Ulan is home to 97 mostly healthy orphans between the ages of 3-17. There are 18 special needs children. Most of the children are "true" orphans and have no parents. The children here are all Kazakh.
When we arrived we were greeted by several children dressed in their beautiful Kazakh attire handing us bread and pastries. All of us were overwhelmed with emotion, it was truly beautiful. Our team was then interviewed by a journalist for the local Taraz newspaper. The journalist interviewed the team members that have children born in Kazakhstan and their siblings.
We then went to watch a "mini concert" that the children specially prepared for us. We saw singing, dancing, drama and more. Of course I cried through most of it because I could not shake the overwhelming feeling that these beautiful children had no parents to perform for.
In true Kaz mission trip style, we had a "go with the flow" moment when we arrived here and were told that all the beds had already been put together. Plans changed and so we visited every room to put new bed covers on and hang curtains. The children were so appreciative about the beds and covers and thanked us many times. The children are being taught English and loved practicing with us.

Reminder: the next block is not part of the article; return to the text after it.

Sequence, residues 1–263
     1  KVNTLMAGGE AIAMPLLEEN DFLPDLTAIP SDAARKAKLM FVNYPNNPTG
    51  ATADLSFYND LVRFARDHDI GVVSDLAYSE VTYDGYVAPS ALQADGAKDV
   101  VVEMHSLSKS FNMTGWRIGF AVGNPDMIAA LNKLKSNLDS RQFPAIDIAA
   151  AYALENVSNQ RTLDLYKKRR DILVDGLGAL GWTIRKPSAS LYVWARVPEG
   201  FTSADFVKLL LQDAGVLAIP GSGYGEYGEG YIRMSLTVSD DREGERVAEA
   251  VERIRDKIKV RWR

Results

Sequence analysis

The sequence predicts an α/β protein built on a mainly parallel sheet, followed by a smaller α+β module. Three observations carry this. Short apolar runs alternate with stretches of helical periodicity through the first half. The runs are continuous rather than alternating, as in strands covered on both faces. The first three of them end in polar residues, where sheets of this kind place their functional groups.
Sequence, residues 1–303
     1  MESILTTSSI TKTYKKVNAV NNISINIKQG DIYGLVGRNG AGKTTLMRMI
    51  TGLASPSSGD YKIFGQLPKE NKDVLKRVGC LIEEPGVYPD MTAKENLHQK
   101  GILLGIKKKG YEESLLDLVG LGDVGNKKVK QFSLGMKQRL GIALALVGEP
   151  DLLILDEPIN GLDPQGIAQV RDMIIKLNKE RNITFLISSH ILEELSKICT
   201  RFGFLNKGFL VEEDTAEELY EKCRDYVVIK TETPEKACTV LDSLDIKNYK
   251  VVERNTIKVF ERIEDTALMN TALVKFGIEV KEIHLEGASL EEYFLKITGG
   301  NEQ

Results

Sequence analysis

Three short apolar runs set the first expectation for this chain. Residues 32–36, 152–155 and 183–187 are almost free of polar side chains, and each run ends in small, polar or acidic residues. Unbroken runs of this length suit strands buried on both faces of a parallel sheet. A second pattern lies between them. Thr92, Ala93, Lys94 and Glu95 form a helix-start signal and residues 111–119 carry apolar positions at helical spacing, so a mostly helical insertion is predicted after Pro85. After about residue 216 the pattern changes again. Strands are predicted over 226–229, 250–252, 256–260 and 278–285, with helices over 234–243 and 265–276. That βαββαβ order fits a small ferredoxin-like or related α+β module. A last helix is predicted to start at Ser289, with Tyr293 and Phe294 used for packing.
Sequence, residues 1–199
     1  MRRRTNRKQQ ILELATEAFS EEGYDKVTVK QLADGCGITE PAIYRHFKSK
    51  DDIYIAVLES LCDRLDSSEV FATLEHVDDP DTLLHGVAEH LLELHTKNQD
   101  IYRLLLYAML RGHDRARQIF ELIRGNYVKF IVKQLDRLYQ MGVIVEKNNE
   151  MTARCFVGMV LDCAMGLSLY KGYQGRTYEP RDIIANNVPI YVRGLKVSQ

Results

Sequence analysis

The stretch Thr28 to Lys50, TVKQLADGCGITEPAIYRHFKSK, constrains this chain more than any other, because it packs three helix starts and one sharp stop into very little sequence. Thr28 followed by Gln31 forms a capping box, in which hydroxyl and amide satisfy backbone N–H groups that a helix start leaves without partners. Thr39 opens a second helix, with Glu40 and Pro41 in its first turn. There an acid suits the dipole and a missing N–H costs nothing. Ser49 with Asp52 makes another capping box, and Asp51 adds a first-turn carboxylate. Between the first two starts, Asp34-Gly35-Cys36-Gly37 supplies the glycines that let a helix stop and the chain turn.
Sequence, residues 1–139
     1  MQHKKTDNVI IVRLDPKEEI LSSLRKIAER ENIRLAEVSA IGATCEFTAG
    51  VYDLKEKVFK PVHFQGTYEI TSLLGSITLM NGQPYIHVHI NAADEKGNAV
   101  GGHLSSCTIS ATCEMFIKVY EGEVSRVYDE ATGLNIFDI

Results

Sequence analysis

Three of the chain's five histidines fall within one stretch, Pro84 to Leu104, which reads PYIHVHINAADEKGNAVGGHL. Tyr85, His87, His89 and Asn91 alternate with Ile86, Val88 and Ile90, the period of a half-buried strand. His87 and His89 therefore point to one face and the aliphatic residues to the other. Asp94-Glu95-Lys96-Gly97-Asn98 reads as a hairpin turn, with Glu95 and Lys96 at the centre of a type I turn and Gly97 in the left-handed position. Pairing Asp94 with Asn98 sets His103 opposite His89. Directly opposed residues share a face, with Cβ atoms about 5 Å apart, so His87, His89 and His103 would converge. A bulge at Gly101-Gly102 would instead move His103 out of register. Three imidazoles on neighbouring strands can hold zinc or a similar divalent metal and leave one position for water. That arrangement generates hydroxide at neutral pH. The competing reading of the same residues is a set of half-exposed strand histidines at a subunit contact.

We were invited to a traditional Kazakh meal of Bishparmak that the children helped prepare. It was outstanding. The hospitality was wonderful. Over lunch the Director talked to us about how the orphanage runs. She teaches the children life skills, anything from doing their own laundry to cooking their own food. You can tell just by speaking to her how deeply she cares for her kids. She cried through about half of our conversation, especially when talking about the kids not having parents.
After lunch we handed out donations and went to play with the kids. We let each girl pick out her own doll and each boy pick a Beanie Baby and Hot Wheels toy. They also picked enough candy to rot their teeth for months! We painted faces and arms, played hopscotch, soccer and duck-duck goose. The children loved the one-on-one attention. One little girl even cried when Lance had to leave. It was sad but it did not feel hopeless there. We felt like there was a lot of hope for the kids with such a wonderful director.
We left Ulan and headed around town to see a few sites, including some beautiful parks. We then went to dinner (because we had hardly eaten, hahahahaha). Once again we were served like kings. We had Greek salad, Manti, bread, homemade jam and pickles, and tea. We ate a lot and all felt like penguins. Ayman played the guitar and sang to us. We laughed more tonight than I have in a long time.
It was a fantastic day of serving our God and bonding!
Tomorrow we have a volleyball tournament in the morning...the Americans verses the Kazakhs (children of Ulan). Wish us luck, they are one athletic bunch!
Thank you for your continued prayers!
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